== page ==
The sun was setting on a weekend of adventure on the Island of Phi Phi in Southern Thailand, and my mates and I were riding a ferry to the mainland.
Arriving in Krabi with the intention of spending the day at Railay beach, our group made the decision to skip over it and spend the night in Krabi. Staying on Koh Phi Phi for a few nights, we’d had our fill of beaches. We caught a cab into town, and bunked up at a local guest house. Enjoying the rare comforts of backpacking like hot showers, and fans in the rooms, we relaxed, and got ready for a night on the town.


With a little bit of luck, our group happened upon a night market. Carnival games, live Thai music, authentic food, and the ability to buy almost anything kept us entertained for the better part of the night. Amongst my favourite stalls were the insects-as-food stall, and the one selling wooden furniture – both things I needed in my life at that exact moment.

With a good night’s sleep, we awoke and boarded buses for the rainforest. Krabi, while enthralling, had been but a short stop in our cross-country journey; we were making our way to Khao Sok National Park. A few hours along winding roads on a bus that may or may not have been on fire, we arrived in a 160 million year old rainforest, and our home for the next few days.


At this point in my worldly adventures, I had been relatively budget conscious. Rewriting this post a few years down the line, I can truly be thankful that I had friends encouraging me to penny pinch a little less. While it was nice to be able to travel the world on a budget, without this sage advice I might have missed out on quite a few opportunities simply because they costed too much. With this new advice instilled in my mind, we purchased a jungle tour from a local operator.

The hostel we stayed at was quite a treat. Located near a local village, the complex was tucked away underneath a canopy of trees. The main lounge was an open air, raised terrace that connected to rooms with a wooden bridge. Picture a very large complex of tree houses. It was my first time sleeping under mosquito netting, which was much appreciated after seeing the size of those critters.


The trip that we booked included a boat trip, lunch, jungle hike, cave exploration, and a couple other surprises, but unfortunately didn’t include the price of admission to the national park itself. No matter, student cards in hand, we each paid a cheap 100 baht and boarded our boat. I sure do miss that student discount sometimes.

Joining four other strangers in our boat, our skilled pilot took us skimming across the recently created lake, beneath mountains and around hydroelectric dams. Our hour long journey behind us, the boat arrived at a raft house (a floating series of structures) with our lunch waiting. Finishing a delicious meal, with a bit of extra time, we took a dip in the clear waters. The company had also laid out kayaks for us to explore our section of the lake.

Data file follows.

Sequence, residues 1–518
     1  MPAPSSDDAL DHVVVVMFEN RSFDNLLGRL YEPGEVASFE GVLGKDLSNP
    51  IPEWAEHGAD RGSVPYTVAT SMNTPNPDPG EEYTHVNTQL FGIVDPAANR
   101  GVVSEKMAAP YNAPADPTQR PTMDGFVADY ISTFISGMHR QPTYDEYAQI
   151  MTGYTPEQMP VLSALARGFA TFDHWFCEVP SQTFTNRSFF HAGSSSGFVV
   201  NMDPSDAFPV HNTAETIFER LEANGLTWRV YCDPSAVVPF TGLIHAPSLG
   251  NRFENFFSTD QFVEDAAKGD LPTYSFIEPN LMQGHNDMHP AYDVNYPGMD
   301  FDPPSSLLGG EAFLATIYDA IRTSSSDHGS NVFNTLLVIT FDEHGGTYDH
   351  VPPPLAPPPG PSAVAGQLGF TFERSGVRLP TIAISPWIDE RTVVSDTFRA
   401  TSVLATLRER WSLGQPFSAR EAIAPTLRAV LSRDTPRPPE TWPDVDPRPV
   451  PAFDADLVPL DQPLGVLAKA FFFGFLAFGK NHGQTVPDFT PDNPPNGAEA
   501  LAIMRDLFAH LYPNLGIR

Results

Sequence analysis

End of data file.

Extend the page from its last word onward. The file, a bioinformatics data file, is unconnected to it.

Later on, our group and our new friends piled back on the boat and journeyed up river to a wooden dock. Alighting, we strapped on our hiking boots and followed our guide deep into the jungle. Crawling through plants, wading through mud and water, and fighting off insects became our lives for the next hour. Finally, we arrived our destination – a natural cave from which a river flowed outwards. The group donned headlamps, and away we went.


Before entering, the guide gave us specific instruction to watch our heads. Lacking a helmet, the first thing I did entering the cave was smack my head on a low hanging stalactite. Recovering from my stupidity, we ventured further into the cave, the cool water lapping at our feet. 100 meters ahead, the rock ledge we had been balancing on fell deep into the running water. Either we turned back and waited outside, or followed our guide swimming through the freezing waters.


I jumped into the water and started swimming forward, only to notice that the entire cave was filled with creatures; fish, spiders, insects, leeches, all of them were waiting for us. Swimming up a narrow passageway, we saw an indoor waterfall, but due to extreme flooding, we had to head back out the way we came.

The group spent a good five minutes on the outside of the cave picking the leeches off our bodies – an experience I can definitely live without – before hiking back to our boat, and riding to the raft house. We got an extra hour to swim, kayak, and eat pineapple before heading back to our hostel.

The rest of the night was spent drinking in our tree house, planning our next stages of the trip – Koh Samui, Koh Phangan, and Koh Tao. Not a bad way to spend a day, eh?


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